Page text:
In conclusion, the quality coming out of this camera is simply remarkable considering its price point. You can turn up your sensitivity or ISOs with very little noise visible, and therefore shoot at your desired aperture. Controlling your depth of field has never been easier. Provided you are using image stabilised lenses, you can get away with some tricky handheld operation. Finally, even though its color depth is only 8-bit, the results are pleasing and the footage grades well. It’s been great to work with this new camera, and I hope others will enjoy the benefits of a super lightweight camera system when shooting films.

 

Tilt-Shift Focus Technique

Tilt-Shift Focus Technique: The miniature effect used in videos

 

NaokiTricking your audience into representing reality as a miniature has been used by a few video producers with great effect. The idea is to photograph a scene as if it was seen from a magnifying glass or using a macro lens to investigate something extremely small. By blurring the foreground and background of a scene, and leaving elements of a scene in sharp focus in the middle of the frame, the audience is visually trumped. The optical illusion is simple: we’re looking at a normal scene with the visual attributes of a macro lens. Cars, buildings and persons look like toys from a model set. As a result it looks surreal, almost artificial.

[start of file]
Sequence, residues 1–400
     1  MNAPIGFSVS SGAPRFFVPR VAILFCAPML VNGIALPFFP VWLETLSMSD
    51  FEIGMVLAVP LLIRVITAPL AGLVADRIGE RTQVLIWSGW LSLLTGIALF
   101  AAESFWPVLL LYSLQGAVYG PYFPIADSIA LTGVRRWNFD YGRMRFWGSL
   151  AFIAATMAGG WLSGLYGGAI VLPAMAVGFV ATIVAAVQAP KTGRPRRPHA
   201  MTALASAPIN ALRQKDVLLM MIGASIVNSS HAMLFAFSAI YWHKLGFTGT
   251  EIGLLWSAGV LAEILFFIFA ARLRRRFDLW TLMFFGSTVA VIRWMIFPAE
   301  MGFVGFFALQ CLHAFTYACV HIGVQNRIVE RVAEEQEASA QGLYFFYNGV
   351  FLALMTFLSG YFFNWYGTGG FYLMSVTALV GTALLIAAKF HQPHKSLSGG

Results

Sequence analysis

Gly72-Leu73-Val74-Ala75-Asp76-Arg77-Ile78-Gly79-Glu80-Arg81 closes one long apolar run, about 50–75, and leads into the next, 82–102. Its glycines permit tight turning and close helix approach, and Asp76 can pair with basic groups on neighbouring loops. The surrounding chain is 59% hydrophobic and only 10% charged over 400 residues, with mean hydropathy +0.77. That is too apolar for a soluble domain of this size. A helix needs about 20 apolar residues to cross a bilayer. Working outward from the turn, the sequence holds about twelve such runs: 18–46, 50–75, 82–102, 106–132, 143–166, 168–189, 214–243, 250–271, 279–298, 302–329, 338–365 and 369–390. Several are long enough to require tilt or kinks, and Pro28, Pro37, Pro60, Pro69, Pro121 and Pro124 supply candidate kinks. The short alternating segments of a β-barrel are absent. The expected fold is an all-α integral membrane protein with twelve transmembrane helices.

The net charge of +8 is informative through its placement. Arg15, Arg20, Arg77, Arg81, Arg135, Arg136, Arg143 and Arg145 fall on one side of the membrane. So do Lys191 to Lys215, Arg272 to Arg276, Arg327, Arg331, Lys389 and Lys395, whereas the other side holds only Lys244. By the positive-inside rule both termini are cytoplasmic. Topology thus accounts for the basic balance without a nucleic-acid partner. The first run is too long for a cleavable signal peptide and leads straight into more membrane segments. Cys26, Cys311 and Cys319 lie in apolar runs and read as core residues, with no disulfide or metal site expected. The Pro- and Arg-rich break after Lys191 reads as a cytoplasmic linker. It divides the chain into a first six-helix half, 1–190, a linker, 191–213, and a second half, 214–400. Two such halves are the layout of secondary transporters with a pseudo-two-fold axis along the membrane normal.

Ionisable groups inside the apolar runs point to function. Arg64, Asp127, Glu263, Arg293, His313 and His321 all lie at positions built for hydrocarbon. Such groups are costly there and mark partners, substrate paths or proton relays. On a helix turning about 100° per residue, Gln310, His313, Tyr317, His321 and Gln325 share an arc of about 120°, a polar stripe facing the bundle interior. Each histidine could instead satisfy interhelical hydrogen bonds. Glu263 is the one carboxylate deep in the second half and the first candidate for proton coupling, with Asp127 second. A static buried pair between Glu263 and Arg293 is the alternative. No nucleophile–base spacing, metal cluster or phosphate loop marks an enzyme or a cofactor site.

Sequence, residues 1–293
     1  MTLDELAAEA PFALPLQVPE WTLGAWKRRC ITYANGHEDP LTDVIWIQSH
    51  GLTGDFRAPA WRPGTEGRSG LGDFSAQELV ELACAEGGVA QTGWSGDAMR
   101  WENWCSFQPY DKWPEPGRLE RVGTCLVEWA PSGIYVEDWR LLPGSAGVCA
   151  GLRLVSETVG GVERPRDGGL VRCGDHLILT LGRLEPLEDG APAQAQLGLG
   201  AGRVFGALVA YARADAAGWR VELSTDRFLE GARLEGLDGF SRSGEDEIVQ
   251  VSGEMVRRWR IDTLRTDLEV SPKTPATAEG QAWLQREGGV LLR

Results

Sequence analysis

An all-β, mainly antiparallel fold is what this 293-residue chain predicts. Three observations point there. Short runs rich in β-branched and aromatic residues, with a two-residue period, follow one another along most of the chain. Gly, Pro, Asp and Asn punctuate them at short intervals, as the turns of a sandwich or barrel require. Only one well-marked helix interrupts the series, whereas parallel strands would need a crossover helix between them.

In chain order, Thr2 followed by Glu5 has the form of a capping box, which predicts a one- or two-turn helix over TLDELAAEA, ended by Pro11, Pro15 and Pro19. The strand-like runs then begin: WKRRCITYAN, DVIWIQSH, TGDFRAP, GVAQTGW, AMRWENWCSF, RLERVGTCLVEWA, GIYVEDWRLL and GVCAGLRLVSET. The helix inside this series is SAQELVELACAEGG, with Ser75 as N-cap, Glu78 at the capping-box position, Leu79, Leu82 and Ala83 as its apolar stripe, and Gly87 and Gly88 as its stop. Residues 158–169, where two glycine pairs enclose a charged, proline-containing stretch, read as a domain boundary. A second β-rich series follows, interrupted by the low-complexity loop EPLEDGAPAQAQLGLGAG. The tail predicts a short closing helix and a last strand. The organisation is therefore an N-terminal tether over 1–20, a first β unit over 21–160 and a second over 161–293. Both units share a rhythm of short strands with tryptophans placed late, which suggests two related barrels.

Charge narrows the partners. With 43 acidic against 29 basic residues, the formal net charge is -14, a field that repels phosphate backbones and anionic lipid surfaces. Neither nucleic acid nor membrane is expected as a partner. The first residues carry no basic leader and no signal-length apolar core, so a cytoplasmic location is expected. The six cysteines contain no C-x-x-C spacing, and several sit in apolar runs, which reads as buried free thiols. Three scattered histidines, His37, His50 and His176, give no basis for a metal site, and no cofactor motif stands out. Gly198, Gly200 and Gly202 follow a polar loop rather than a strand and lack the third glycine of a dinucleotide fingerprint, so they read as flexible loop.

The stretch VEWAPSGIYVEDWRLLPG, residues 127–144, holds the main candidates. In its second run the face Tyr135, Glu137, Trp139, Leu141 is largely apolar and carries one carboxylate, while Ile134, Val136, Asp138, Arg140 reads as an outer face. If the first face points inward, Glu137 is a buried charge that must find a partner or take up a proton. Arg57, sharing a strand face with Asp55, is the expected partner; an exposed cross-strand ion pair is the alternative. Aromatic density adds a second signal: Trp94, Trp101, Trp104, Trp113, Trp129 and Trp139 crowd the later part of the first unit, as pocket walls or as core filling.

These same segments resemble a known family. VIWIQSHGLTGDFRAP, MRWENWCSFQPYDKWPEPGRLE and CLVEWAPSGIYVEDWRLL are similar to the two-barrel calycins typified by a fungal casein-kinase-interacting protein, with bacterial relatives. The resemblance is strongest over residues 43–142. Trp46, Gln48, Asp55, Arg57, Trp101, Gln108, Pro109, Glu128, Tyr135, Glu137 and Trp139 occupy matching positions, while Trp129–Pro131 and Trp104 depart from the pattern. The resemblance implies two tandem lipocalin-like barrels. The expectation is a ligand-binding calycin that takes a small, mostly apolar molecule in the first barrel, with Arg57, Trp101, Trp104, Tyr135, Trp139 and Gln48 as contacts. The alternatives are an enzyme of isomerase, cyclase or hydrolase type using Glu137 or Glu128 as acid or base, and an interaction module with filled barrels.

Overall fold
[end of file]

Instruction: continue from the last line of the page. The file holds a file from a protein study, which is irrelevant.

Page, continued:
This miniature scene created optically can be further enhanced if taking your shot from a high angle, looking down at a scene, i.e. the same way we would study ants at work by observing them from above. Most documentaries using macro photography undergo the same process; physically it is logical to see from a vantage point, but by looking and focusing at the very  small, we also take on the perspective of a giant. The relation between depth of field, detail, angle and scale induces the brain into miniature trickery.

Canon Tilt-Shift Lenses

Historically, video producers have taken inspiration from  photographers using proper tilt focusing glass, such as Naoki Hono’s photo (above), whereby the focusing plane can be physically titlted and shifted optically within the lens itself. Nowadays , blurring foreground and background, so often associated with shallow depth of field, can easily be achieved through a post-production process. In 2006, Thom Yorke’s Harrowdown Hill, directed by Chel White is often credited with being the first video using tilt-shift technique.

Finally, fast motion or timelapse photography used in conjunction with this creative focusing technique, will add to the sense of altered reality. The miniature scene now looks as if it was a stop-motion animation. Everything that’s associated with photographing a realistic scene or action, has been stripped away by modifying natural motion. This is particularly fascinating with City of Samba, an incredible tilt-shift film by Keith Loutit and Jarbas Agnelli. This is a clever, beautifully composed, and fascinating video loveletter to Rio de Janeiro (which you can view at your pleasure by pressing on the hyperlink).